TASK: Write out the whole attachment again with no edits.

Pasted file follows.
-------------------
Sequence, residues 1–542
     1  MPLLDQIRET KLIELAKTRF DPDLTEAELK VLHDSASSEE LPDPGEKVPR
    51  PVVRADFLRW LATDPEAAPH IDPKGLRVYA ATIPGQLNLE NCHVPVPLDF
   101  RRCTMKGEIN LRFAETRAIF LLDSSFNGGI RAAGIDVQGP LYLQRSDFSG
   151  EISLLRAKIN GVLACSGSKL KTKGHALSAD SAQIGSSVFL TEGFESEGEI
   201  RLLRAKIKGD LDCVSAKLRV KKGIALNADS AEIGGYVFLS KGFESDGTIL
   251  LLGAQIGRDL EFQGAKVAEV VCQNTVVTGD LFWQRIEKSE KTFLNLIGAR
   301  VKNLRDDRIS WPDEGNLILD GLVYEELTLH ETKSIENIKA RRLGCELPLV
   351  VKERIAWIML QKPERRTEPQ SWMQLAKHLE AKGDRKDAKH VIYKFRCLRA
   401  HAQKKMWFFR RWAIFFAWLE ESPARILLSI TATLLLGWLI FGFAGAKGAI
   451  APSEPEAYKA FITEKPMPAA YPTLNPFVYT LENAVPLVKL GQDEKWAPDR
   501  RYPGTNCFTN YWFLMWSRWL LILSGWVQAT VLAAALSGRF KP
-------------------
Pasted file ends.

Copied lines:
Sequence, residues 1–542
     1  MPLLDQIRET KLIELAKTRF DPDLTEAELK VLHDSASSEE LPDPGEKVPR
    51  PVVRADFLRW LATDPEAAPH IDPKGLRVYA ATIPGQLNLE NCHVPVPLDF
   101  RRCTMKGEIN LRFAETRAIF LLDSSFNGGI RAAGIDVQGP LYLQRSDFSG
   151  EISLLRAKIN GVLACSGSKL KTKGHALSAD SAQIGSSVFL TEGFESEGEI
   201  RLLRAKIKGD LDCVSAKLRV KKGIALNADS AEIGGYVFLS KGFESDGTIL
   251  LLGAQIGRDL EFQGAKVAEV VCQNTVVTGD LFWQRIEKSE KTFLNLIGAR
   301  VKNLRDDRIS WPDEGNLILD GLVYEELTLH ETKSIENIKA RRLGCELPLV
   351  VKERIAWIML QKPERRTEPQ SWMQLAKHLE AKGDRKDAKH VIYKFRCLRA
   401  HAQKKMWFFR RWAIFFAWLE ESPARILLSI TATLLLGWLI FGFAGAKGAI
   451  APSEPEAYKA FITEKPMPAA YPTLNPFVYT LENAVPLVKL GQDEKWAPDR
   501  RYPGTNCFTN YWFLMWSRWL LILSGWVQAT VLAAALSGRF KP